Interview Tips

‘Face to face’ interviews are conducted by employers to decide between candidates with similar experience and qualifications. The interviewer will be trying to determine whether or not the applicant has the right social and communication skills and, in many cases, to judge whether or not there will be a good "fit" with a team. Where candidates have previous relevant experience, the interviewer will also be trying to validate the accuracy of the information contained within the CV.

Many people are nervous and often unsure of how to answer a variety of questions that may be put to them. We hope this information will prove to be useful to some of you or may serve to reinforce your own thoughts.

  • Make sure you know exactly where the interview is being held and who you should ask for. Make sure you allow plenty of time to get there.
  • If there are tests involved, you may need to allow for more time and. A calculator would be helpful. Query this with the person arranging the interview.
  • Take a copy of your CV with you and a contact ‘phone number in case you are held up.
  • Find out about your employer. Any information you find out will be useful. The internet is a good starting point. If you are asked what you know about the company it is fine to say something like "I have been told you are a large fund management company but I am interested to know more".
  • Be positive from the start about the job you are applying for and the organisation – try to find out as much as possible about the job in advance. Is there a Job Description? If you would genuinely like the job, be enthusiastic about it. Try not to say things like "Engineering would have been my first choice but I didn’t get the grades."
  • Try to answer questions about your strengths honestly and naturally, eg "I do enjoy talking to customers or clients on the telephone", or "I enjoy working with spreadsheets and numbers", "I feel I am easy to get on with".
  • If you asked about your weaknesses, only admit to one and ensure it is one that will not harm your chances of getting the job. Try to turn your weakness into a strength.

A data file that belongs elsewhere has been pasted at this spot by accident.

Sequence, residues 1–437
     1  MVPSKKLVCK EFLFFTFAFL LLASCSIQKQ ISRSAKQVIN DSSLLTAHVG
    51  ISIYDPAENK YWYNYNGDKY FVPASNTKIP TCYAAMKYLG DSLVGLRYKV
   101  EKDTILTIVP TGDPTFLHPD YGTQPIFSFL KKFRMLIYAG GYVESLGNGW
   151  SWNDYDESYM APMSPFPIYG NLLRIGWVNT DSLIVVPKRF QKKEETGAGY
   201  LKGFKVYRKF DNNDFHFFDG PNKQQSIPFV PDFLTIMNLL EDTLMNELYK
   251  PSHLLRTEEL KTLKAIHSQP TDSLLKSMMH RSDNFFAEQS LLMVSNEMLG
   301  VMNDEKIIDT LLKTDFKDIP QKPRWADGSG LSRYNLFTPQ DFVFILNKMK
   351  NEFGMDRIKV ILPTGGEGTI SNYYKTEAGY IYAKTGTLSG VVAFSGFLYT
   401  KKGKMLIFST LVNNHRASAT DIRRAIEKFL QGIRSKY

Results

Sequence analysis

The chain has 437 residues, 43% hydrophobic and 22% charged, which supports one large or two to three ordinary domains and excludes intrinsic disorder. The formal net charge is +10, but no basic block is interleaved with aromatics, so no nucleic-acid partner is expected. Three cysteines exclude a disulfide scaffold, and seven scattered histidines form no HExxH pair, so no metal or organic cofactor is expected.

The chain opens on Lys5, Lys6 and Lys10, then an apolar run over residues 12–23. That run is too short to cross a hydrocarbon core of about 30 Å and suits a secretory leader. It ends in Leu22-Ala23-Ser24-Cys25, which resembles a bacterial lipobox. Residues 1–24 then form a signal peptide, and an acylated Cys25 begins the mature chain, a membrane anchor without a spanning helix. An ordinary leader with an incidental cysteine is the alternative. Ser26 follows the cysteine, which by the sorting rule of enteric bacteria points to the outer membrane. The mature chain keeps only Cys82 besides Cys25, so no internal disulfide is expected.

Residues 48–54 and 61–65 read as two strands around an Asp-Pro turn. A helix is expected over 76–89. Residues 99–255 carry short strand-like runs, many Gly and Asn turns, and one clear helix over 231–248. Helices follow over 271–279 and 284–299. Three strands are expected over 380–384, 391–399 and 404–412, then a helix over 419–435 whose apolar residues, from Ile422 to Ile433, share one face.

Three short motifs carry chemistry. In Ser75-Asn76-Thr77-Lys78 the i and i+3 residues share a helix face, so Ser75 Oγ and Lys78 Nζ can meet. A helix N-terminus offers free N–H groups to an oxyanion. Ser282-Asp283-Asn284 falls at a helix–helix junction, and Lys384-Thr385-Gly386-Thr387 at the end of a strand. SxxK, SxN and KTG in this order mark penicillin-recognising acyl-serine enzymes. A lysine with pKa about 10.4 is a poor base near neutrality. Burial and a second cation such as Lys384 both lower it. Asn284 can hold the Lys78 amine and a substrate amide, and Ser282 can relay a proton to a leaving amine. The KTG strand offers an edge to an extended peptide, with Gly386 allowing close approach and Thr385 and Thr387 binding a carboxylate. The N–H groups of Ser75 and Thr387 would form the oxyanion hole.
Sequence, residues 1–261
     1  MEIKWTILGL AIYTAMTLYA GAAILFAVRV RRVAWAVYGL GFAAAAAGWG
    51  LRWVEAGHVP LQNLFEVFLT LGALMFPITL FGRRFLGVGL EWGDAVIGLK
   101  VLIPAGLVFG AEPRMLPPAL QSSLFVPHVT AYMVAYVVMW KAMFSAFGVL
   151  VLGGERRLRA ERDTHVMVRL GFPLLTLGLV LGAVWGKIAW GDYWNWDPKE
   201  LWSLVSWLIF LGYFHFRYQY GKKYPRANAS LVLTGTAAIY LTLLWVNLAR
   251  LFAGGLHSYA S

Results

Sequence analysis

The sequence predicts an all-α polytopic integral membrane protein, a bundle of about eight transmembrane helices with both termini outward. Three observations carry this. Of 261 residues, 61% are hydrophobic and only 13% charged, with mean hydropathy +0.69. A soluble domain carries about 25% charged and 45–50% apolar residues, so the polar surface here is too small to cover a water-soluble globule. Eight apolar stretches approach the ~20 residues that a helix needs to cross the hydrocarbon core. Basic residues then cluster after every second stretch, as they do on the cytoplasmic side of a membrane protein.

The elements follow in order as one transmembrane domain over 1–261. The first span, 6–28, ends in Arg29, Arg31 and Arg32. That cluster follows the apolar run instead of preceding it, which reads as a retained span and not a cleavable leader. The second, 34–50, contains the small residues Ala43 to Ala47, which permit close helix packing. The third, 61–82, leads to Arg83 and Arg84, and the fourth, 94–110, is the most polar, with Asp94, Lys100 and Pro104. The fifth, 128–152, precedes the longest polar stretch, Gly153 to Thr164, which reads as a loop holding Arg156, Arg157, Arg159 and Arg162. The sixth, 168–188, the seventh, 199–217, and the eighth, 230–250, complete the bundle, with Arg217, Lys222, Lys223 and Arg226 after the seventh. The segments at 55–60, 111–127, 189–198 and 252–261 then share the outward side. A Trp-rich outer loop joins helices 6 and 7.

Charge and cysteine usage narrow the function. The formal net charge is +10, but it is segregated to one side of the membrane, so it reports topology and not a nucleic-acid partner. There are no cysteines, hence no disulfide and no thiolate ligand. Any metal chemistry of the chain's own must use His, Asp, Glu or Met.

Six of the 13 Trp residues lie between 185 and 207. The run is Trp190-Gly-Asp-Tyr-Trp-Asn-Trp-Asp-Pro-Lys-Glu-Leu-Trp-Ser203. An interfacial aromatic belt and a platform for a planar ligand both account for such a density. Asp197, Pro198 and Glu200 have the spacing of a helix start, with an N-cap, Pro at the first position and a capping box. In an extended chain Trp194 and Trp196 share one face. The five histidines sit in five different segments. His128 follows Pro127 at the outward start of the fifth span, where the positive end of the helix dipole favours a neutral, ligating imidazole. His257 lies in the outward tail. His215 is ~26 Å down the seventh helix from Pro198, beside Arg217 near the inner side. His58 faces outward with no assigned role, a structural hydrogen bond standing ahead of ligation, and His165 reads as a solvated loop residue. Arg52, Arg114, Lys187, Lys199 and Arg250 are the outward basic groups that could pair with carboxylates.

• If the position you are applying for requires you to take further courses of study, be enthusiastic about it. Do not say, "Having just left university, I have had enough of exams".
  • If the opportunity arises, inform the interviewer about any positions of responsibility you held, eg school prefect, key holder in a company, holder of a special Achievement Award.
  • Make sure you are understood. Do not use jargon - the person interviewing you may not be familiar with the jargon used in the company you currently work in.
  • Understand what acronyms stand for, eg ISA, PEP, OEICS, VP etc, particularly if they are mentioned in your CV.
  • Check understanding when you answer a question or are asked to explain something. If it is not clear that the interviewer has understood, say something like "does that cover your question", or "have I made myself clear enough".
  • Keep to the point. By all means answer a question fully but be aware of the time allocated to each interview and try not to make one isolated question turn into a saga.
  • Find out about the Dress Code of the company. Many companies have ‘dress down’ days and some have a ‘dress down’ policy for every day. However, at the interview stage, it is always wise to ‘dress up’.
  • If you are asked if you have any questions or concerns, feel free to ask about the likelihood of staff training, promotional prospects, the number of staff in the department or whether or not there is a Sports & Social club. Any questions regarding salary, however, should be left until the 2nd interview stage.
  • Most of you will be aware of the common courtesies such as standing up when the interviewer enters the room and offering your hand to be shaken. Also remember to thank the interviewer for seeing you at the conclusion.

We hope some of this information proves to be useful and that the first interview leads to the second interview stage and the job offer. If it turns out not to be the case, then remember that every interview you attend is valuable experience for the next one. GOOD LUCK.

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